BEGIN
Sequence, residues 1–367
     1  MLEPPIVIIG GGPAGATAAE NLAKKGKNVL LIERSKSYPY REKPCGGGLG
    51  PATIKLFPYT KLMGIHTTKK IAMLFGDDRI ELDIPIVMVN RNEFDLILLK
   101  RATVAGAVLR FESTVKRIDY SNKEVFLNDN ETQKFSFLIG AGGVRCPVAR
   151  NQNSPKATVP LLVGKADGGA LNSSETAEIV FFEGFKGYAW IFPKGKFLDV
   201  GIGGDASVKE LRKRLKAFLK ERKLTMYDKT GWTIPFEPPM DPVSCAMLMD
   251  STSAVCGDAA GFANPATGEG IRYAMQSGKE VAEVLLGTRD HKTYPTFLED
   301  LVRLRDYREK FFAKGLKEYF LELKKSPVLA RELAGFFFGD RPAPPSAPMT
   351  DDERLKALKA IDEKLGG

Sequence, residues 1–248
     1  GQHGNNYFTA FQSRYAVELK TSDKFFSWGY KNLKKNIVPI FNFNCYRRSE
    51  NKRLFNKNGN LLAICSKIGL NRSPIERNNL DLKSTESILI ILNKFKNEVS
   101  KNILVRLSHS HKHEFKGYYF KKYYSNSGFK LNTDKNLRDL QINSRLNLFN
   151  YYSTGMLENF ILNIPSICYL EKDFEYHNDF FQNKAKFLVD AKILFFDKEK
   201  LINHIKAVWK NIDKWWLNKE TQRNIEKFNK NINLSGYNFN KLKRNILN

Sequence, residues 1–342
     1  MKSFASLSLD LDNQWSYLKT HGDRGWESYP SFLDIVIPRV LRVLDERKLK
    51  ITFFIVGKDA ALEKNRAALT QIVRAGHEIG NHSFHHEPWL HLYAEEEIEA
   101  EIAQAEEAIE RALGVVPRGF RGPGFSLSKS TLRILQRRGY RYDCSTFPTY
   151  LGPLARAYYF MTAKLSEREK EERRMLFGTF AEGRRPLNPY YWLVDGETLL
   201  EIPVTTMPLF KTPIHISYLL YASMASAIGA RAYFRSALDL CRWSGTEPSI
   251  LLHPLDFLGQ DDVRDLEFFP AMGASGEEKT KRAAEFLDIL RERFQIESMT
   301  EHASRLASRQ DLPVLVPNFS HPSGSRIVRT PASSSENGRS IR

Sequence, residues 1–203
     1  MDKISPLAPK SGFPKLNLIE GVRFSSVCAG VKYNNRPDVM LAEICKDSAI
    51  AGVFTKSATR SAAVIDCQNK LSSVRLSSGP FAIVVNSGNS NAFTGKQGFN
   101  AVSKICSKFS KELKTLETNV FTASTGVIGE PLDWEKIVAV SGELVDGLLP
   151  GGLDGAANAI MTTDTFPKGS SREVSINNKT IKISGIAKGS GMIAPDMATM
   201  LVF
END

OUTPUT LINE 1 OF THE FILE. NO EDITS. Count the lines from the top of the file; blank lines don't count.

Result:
Sequence, residues 1–367